Reverse innovation is the term used to describe low costs products, often skimmed down versions of products we know, launched in developing countries with a view to a global play.
Take for instance Tata motors, $2,000 Nano car, launched in India, with aspirations of the US market. Tata motors who own Rolls Royce and Land Rover, designed the minimalist Nano to appeal to those Indian families currently travelling by motor cycle. In India motor cycles outsell cars 7 to 1.
The Nano is a two cylinder engine car with no air conditioning and no radio, and a maximum speed of 65kms an hour. The Nano has proven to be a cat amongst the pigeons, with Nissan and Toyota already talking about models to compete.
The XO lap top for $200 is another example of the reverse innovation storm that is sweeping the world, but it is not just the “vanilla” version of products we know that characterise reverse innovation. The high penetration of mobile technologies in developing nations, have provided an opportunity for reverse innovation to tap into service and solution innovation.
In South Africa, where 50% of health care workers are community workers, mobile phones are used to upload and exchange clinical information in a pilot program sponsored by Vodafone’s Social Investment Fund. The pilot is looking to ways to innovate the management of patient records and a provide a standardisation of care across a fragmented workforce.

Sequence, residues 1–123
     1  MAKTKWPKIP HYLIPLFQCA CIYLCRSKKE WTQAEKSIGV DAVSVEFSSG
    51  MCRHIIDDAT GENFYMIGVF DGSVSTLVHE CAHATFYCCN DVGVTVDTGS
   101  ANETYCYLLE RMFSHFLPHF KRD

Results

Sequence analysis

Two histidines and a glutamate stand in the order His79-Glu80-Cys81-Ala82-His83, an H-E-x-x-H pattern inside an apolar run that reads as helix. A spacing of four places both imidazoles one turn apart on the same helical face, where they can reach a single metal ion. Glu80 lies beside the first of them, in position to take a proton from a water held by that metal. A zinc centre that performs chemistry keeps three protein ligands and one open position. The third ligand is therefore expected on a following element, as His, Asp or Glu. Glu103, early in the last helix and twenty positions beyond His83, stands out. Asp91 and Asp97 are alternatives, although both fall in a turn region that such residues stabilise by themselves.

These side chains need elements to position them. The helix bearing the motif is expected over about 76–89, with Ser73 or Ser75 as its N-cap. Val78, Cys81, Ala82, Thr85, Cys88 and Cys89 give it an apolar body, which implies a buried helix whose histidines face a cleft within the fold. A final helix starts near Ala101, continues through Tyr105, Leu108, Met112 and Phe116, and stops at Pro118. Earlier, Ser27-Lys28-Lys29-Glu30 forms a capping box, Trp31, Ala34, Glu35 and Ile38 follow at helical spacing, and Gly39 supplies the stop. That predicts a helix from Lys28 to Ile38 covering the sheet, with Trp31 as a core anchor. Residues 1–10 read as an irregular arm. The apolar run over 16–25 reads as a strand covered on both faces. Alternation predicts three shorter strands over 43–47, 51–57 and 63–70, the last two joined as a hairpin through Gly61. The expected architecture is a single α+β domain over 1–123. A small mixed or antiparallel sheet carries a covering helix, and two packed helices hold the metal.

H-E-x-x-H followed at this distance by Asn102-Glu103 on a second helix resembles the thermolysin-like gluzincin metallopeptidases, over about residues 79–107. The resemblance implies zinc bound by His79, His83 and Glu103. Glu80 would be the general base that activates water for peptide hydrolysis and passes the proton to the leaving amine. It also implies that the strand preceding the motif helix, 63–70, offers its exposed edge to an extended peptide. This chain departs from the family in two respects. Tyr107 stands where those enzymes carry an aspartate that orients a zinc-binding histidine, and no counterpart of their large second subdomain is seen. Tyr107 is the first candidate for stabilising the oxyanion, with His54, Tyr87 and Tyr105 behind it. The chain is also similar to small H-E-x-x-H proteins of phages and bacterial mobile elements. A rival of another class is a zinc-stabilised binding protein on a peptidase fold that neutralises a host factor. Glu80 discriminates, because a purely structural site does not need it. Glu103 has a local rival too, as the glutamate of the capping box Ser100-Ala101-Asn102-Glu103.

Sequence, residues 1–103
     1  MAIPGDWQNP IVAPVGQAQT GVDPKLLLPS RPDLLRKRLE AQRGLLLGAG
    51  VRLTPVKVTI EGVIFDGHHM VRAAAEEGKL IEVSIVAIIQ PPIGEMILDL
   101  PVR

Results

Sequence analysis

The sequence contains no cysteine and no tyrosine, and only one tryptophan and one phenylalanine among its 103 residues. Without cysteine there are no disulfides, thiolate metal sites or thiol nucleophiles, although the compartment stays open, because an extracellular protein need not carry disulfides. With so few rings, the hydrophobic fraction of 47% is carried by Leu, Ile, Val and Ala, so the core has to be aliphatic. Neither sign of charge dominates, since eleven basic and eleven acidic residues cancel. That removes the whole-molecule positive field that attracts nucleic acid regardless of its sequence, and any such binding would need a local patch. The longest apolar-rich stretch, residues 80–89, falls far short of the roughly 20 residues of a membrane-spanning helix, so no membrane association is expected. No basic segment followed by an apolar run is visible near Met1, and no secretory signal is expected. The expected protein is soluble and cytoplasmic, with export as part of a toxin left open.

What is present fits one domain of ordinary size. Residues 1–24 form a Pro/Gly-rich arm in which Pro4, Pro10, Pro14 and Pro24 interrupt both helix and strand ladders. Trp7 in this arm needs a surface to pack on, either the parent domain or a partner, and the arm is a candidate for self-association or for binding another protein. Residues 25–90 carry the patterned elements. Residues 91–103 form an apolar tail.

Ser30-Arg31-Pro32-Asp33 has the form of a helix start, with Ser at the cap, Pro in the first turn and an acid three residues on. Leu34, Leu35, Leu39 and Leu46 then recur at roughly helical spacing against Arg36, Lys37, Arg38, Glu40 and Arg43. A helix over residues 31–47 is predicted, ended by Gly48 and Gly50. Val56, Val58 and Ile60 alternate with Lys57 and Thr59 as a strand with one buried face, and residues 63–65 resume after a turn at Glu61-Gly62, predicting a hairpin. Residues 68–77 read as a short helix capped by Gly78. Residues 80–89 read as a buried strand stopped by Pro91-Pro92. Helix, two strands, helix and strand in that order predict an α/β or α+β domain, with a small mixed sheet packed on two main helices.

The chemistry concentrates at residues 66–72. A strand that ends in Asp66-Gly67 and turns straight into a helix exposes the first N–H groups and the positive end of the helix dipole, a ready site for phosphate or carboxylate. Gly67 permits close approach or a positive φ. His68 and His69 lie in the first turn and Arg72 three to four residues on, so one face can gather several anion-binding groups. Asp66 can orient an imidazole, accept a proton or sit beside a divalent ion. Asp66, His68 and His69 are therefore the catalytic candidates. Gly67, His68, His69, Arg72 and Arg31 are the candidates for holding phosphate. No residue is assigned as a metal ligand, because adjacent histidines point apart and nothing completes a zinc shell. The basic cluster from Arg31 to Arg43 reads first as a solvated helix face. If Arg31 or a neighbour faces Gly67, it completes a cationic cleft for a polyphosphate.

Reverse Innovation is reminsicent of the old marketing strategy of the “fighting brand”. In the “fighting brand” strategy, leading brands rather than spend all of their money on advertising, set up a “no frills” competitor to themselves to block the path of competition. A premium canned soup company in Australia, whipped the competition, when they set up a fighting brand of just one flavour of soup. Using the benefits of marginal costings and scale they were able to offer discounts that side swiped the competition.
Reverse Innovation is also, in some ways, simply an extension of the wave of mass customisation, where the manufacturing and technology innovations are opening up opportunities to meet the needs of more diverse segments. In line with the “Coke with Kevin” micro segments, competitive advantage is increasingly gained “when you get it right, just for me”.
Hearts and Minds
Thought Leader – Vijay Govindarajan, expert on Reverse Innovation
Vijay Govindarajan is the Earl C. Daum 1924 Professor of International Business at the Tuck School of Business at Dartmouth. He is coauthor of Reverse Innovation (HBR Press, April 2012).
Sort of reminiscent of Honda’s entry into the US market. Writing from the US, I look at the car and at first think it’s too small for the demands. However, with a slightly larger frame, it could appeal to a segment of car buyers. Great post.
That is right Teddy, I am old enough to remember the rise of Japanese manufacturing. India and China can follow the same course
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